• "The Mother" Satrig Ersang, a female Buddha whose name means wisdom and who is similar to Prajnaparamita (and is also yellow in colour). Her "five heroic syllables" are: SRUM, GAM, RAM, YAM, OM.[89] One of her most important manifestations is Sherab Chamma (loving lady of wisdom), a female bodhisattva like being.
  • "The God" Shenlha Ökar (wisdom priest of white light) or Shiwa Ökar (peaceful white light), a deity of wisdom light and compassion, whose main color is white. He is associated with the Dharmakaya. Kvaerne sees some similarities with Amitabha.[90] Another important Dharmakaya deity is Kuntuzangpo (Samantabhadra, All Good), the primordial Buddha, which serves a similar function to the figure of the same name in the Nyingma school Both Kuntuzangpo and Shenlha Ökar are seen as personifications of the 'Body of Bon', or Ultimate Reality.[91] In Bon, Kuntunzangpo is often presented in a slightly different form called Kunzang Akor ('the All-Good, Cycle of A'), depicted seated in meditation with a letter A in his breast.[91]
  • "The Procreator" (sipa), Sangpo Bumtri. He is the being who brings forth the beings of this world and plays an important role in Bon cosmogonic myths. He is associated with the sambhogakaya.[92]
  • "The Teacher" Tonpa Shenrab Miwoche (meaning: Supreme Priest, Great Man). He is associated with the nirmanakaya and is the present teacher of Bon in this era.[93]

Bon Yidams (meditation or tutelary deities) are those deities which are often used in meditative tantric practice and are the mainly fierce or wrathful forms. These class of deities resemble Buddhist yidams like Chakrasamvara and Hevajra. It includes figures like Magyu Sangchog Tartug ('Supreme Secret of Mother Tantras, Attaining the Limit'), Trowo Tsochog Khagying ('Wrathful One, Supreme Lord Towering in the Sky'), Welse Ngampa ('Fierce Piercing Deity'), and Meri ('Mountain of Fire').[94] The Bonpos also have a tantric tradition of a deity called Purpa, which is very similar to the Nyingma deity Vajrakilaya.[95]

Like the Buddhists, the Bon pantheon also includes various protector deities, siddhas (perfected ones), lamas (teachers) and dakinis. Some key figures are Drenpa Namkha (a major 8th century Bon lama whose name is also mentioned in Buddhist sources), the sage Takla Mebar (a disciple of Tonpa Shenrab), Sangwa Dupa (a sage from Tazik), Zangsa Ringtsun (Auspicious Lady of Long Life).[96]

Worldly gods and spirits[edit]

The Bon cosmos contains numerous other deities, including Shangpo and Chucham (a goddess of water) who produced nine gods and goddesses. There is also the 360 Kékhö, who live on the mount Tisé (Kailash) and the 360 Werma deities. These are associated with the 360 days of the year.[97]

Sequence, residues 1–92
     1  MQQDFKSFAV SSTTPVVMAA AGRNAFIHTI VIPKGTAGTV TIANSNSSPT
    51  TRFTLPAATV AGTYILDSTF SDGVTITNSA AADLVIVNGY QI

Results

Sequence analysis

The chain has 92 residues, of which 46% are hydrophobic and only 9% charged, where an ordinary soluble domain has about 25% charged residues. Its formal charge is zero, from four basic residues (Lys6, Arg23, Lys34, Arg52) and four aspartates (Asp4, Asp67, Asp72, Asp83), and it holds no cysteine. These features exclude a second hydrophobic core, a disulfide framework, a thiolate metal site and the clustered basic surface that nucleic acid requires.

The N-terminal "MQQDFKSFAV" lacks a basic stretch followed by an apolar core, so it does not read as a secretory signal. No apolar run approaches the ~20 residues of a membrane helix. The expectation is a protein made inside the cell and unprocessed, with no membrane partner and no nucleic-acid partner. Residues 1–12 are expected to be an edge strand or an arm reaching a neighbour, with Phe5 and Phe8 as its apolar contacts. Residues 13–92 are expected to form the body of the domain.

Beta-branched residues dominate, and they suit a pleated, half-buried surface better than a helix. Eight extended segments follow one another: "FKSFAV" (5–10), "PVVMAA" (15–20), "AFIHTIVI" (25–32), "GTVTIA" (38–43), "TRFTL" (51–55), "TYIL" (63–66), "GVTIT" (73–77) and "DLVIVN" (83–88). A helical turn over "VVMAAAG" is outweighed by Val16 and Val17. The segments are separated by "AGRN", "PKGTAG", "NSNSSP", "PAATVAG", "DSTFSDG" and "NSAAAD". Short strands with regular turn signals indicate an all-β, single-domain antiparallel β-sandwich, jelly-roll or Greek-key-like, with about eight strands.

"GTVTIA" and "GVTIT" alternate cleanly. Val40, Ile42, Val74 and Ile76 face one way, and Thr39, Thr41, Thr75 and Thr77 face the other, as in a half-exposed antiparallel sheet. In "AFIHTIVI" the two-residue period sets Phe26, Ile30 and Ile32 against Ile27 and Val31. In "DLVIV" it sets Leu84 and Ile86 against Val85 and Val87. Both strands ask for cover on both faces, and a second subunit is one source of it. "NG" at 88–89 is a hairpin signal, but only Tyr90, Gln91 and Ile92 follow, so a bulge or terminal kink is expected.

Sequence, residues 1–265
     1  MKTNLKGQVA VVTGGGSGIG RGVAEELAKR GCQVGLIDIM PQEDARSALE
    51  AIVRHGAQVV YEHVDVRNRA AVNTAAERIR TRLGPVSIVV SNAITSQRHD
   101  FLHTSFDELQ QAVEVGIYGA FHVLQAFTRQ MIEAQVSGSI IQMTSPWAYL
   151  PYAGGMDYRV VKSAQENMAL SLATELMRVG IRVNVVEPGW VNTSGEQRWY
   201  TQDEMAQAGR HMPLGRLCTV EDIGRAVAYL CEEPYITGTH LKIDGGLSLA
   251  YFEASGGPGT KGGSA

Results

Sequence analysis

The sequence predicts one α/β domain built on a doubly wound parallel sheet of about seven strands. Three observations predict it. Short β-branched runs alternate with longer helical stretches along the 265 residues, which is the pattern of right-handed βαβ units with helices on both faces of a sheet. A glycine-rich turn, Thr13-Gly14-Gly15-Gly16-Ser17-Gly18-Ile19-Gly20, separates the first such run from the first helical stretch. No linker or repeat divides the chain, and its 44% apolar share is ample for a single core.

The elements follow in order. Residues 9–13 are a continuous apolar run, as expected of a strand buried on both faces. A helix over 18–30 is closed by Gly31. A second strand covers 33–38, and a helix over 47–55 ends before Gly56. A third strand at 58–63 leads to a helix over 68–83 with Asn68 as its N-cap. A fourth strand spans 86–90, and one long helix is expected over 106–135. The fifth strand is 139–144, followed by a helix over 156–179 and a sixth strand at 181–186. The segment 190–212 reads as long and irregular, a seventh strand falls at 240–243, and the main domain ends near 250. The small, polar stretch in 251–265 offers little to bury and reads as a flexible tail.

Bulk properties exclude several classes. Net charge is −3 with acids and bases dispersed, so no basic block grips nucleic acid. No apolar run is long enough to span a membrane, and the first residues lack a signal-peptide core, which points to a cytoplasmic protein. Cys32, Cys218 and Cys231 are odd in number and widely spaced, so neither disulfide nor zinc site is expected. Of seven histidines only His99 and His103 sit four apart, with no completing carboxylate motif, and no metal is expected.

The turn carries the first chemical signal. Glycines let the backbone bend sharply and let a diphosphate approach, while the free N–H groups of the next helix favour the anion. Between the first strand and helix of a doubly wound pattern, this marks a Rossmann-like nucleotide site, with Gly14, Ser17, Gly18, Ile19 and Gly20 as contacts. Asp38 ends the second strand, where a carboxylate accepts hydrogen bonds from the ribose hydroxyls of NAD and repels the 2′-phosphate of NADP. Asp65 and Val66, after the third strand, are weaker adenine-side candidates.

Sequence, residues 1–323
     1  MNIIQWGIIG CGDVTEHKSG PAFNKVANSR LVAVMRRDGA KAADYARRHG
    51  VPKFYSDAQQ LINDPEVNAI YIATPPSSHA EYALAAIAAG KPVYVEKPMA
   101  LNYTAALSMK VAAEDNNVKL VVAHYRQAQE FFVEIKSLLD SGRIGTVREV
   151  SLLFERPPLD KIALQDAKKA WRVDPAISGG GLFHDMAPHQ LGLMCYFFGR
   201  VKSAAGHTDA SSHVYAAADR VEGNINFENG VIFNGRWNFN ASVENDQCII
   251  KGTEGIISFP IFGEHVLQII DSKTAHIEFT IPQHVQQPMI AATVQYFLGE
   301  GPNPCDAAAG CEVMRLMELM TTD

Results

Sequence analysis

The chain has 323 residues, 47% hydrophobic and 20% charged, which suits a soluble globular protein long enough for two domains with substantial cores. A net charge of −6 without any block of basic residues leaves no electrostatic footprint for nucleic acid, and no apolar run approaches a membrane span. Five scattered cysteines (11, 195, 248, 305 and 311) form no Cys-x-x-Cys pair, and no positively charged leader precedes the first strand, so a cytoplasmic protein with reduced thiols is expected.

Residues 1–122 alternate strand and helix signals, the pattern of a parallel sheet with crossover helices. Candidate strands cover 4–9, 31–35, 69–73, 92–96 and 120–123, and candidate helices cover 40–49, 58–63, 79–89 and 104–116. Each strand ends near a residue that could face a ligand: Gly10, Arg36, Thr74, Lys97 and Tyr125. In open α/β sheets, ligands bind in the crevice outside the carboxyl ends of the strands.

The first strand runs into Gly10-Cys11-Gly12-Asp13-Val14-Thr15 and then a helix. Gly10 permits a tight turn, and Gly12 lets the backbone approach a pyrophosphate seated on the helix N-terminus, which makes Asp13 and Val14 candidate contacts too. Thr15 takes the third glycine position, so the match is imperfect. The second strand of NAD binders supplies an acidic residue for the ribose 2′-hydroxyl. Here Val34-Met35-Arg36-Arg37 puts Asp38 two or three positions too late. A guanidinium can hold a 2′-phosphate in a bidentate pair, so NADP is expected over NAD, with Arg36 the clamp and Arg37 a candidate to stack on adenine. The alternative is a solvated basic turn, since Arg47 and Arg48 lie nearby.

Another set of deities are the White Old Man, a sky god, and his consort. They are known by a few different names, such as the Gyalpo Pehar called “King Pehar” (Wylie: pe har rgyal po). Pehar is featured as a protecting deity of Zhangzhung, the center of the Bon religion. Reportedly, Pehar is related to celestial heavens and the sky in general. In early Buddhist times, Pehar transmogrified into a shamanic bird to adapt to the bird motifs of shamanism. Pehar's consort is a female deity known by one of her names as Düza Minkar (Wylie: bdud gza smin dkar).[98]

Bonpos cultivate household gods in addition to other deities and the layout of their homes may include various seats for protector deities.[99]

Chinese influence is also seen is some of the deities worshiped in Bon. For example, Confucius is worshipped in Bon as a holy king and master of magic, divination and astrology. He is also seen as being a reincarnation of Tonpa Shenrab Miwoche, the legendary founder of Bon.[100]

In the Balti version of Bon in Baltistan, deities such as lha (gods), klu (serpents or dragons) and lhamo (goddesses) are worshipped, and many legends about these deities still exist among the local population.

Bon literature[edit]

Bon texts can be divided into translations of teachings (the words of Buddha Shenrab, found in the Bon Kanjur) and translations of treatises (philosophical and commentarial texts, the Bon Tenjur).[77] The Bon Kanjur comprises four main categories: the Sutras (mdo), the Perfection of Wisdom Teachings ('bum), the Tantras (rgyud) and Higher Knowledge (mdzod, 'Treasure-house'), which deals with the supreme forms of meditation.[101] The Tenjur material is classified into three main categories according to Kvaerne: "'External', including commentaries on canonical texts dealing with monastic discipline, morality; metaphysics and the biographies of Tonpa Shenrap; 'Internal', comprising the commentaries on the Tantras including rituals focusing on the tantric deities and the cult of dakinis, goddesses whose task it is to protect the Doctrine, and worldly rituals of magic and divination; and finally 'Secret', a section that deals with meditational practices."[101]